In this study, there was disorganization and discontinuation of endothelium in aorta alongwith an increase in thickness of intima in aorta of diabetic mice fed on high fat diet with which was also observed by Mohammadi et al. in their study20. This was supported by Wagenknecht et al. who observed an increased rate of progression of carotid atherosclerosis in persons with diabetes mellitus21. The continuous smooth surface of intima with few defects and squamous pattern of endothelial cells in tocotrienol treated experimental groups was also observed by Budin et al. where histomorphological effects of palm oil tocotrienol-rich fraction on thoracic aorta in diabetic rats produced similar findings. In their study streptozotocin induced diabetes caused severe alterations in the structure of the vascular wall in diabetic mice fed on high fat diet alone22 which is also supported by our results.
In present study, the tunica intima of the aorta was thickened and the endothelial cells were rounded at many places showing atrophic characteristics, with infiltrating mononuclear cells. Similar changes were appreciated by Budin et al. in their study where oral administration of tocotrienol- rich fractions (200 mg/kg body weight) given daily for eight weeks to streptozotocin induced diabetic rats, on electron microscopy, showed disruption in normal morphology of thoracic aorta22.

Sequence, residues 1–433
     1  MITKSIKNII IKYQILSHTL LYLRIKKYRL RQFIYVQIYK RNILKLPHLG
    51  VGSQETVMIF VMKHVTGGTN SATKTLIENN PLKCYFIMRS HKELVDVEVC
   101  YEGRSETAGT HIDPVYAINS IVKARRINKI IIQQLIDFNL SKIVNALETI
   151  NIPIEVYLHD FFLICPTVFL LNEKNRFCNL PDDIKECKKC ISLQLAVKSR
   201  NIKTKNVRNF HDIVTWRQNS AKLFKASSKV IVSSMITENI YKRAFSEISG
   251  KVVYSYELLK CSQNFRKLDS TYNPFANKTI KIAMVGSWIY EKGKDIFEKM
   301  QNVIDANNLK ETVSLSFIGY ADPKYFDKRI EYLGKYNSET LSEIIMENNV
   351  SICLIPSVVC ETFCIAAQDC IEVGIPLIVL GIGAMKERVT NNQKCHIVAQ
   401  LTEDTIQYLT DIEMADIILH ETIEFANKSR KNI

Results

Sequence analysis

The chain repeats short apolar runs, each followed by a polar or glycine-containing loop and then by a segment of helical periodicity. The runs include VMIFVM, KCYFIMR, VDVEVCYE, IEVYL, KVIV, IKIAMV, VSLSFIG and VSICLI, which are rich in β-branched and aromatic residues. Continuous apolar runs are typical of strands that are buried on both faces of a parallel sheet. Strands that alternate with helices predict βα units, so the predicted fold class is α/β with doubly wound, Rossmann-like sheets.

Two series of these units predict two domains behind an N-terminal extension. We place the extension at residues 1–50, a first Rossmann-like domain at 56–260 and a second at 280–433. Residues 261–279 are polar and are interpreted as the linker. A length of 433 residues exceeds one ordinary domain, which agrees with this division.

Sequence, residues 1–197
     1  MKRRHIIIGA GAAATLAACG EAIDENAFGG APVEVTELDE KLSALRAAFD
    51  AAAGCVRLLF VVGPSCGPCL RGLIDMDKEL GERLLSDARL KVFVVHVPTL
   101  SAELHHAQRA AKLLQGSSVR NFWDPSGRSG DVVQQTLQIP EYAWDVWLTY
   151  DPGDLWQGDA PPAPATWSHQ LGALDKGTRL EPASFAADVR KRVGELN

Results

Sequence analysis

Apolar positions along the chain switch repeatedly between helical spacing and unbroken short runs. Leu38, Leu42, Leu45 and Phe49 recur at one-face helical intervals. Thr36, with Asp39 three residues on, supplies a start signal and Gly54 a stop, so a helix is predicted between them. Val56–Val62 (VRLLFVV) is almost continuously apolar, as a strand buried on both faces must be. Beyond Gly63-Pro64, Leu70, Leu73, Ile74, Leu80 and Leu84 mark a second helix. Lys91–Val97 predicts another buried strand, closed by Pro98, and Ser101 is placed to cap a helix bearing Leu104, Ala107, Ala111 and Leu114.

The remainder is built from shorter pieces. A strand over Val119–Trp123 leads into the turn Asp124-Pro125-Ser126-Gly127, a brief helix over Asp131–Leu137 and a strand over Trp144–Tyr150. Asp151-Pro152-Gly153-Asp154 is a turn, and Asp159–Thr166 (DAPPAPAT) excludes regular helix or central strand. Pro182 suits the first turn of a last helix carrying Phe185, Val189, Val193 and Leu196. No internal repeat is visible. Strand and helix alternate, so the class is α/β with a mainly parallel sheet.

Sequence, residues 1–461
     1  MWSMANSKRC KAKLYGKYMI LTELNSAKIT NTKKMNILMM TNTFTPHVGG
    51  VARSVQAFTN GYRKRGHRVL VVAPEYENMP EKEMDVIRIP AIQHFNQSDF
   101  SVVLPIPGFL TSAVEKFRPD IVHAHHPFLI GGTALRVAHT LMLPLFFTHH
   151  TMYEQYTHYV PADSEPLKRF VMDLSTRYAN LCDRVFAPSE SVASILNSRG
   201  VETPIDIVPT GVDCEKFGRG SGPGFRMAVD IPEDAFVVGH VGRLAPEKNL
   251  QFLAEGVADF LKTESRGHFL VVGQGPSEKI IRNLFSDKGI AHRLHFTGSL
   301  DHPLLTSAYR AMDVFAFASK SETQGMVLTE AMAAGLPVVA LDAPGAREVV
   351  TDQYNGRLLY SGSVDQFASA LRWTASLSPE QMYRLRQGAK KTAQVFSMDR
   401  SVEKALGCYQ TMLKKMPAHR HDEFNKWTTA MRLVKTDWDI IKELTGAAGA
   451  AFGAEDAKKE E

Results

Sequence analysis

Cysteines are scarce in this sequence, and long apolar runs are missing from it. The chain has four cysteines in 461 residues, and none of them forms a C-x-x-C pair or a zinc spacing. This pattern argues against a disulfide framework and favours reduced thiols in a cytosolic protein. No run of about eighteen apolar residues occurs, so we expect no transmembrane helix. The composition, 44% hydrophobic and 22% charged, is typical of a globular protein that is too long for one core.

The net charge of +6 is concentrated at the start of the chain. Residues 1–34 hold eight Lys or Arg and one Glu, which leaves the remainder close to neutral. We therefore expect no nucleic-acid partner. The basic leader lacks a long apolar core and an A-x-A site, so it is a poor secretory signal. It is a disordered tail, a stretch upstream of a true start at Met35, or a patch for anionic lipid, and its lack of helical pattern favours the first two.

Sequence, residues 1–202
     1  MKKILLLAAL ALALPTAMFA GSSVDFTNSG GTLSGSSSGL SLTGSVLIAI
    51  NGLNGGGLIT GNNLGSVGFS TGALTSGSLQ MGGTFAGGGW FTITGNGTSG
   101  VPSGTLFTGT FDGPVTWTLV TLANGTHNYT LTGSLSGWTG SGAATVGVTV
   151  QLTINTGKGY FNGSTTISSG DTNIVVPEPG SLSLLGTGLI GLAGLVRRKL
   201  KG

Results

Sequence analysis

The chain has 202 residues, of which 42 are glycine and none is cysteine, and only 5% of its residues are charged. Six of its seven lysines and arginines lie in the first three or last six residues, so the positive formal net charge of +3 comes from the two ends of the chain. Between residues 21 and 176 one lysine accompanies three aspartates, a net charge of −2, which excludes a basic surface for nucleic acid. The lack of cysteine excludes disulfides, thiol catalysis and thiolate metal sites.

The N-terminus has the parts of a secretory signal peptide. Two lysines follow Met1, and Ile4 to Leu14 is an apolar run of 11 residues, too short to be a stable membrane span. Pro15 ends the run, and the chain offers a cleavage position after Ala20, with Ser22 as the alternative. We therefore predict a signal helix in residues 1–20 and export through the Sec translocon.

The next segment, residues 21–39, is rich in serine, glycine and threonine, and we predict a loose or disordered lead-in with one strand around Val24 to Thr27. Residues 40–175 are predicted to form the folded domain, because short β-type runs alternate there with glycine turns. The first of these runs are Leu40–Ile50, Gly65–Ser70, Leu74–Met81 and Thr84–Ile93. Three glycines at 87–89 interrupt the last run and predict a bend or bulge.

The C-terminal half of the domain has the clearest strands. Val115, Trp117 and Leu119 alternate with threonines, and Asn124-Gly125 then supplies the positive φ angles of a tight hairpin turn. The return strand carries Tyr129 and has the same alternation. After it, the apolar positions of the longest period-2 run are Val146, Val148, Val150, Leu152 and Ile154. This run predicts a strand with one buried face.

According to American Heart Association, foam cell formation is a widely recognized phenomenon for the early lesion detection of atherosclerosis23. This supported the results of our study where foam cells appeared in intima of all the mice who counsumed high fat diet. A high percentage of foam cells, found in the aorta of diabetic mice fed only on high fat diet in this study was supported by study of Zulkhairi et al23. Foam cells are large vacuolated cells having central round basophilic nuclei, with abundant foamy cytoplasm and their number decreased in group C which was given tocotrienol in addition to high fat diet. This was in accordance with the study of Black et al. who demonstrated 98 % reduction in the size of atheromatous lesions through palm tocotrienol supplementation24.
In aorta of animals of group B, H and E stained slides displayed that in addition to intracellular lipid accumulation in foam cells present mostly in intima, pools of extra cellular lipids were also visible in deeper layers. Kunjathoor et al. also found that in BALB/c mice oil red O staining of fatty streaks showed intra and extra cellular lipids thus confirming findings of present study18.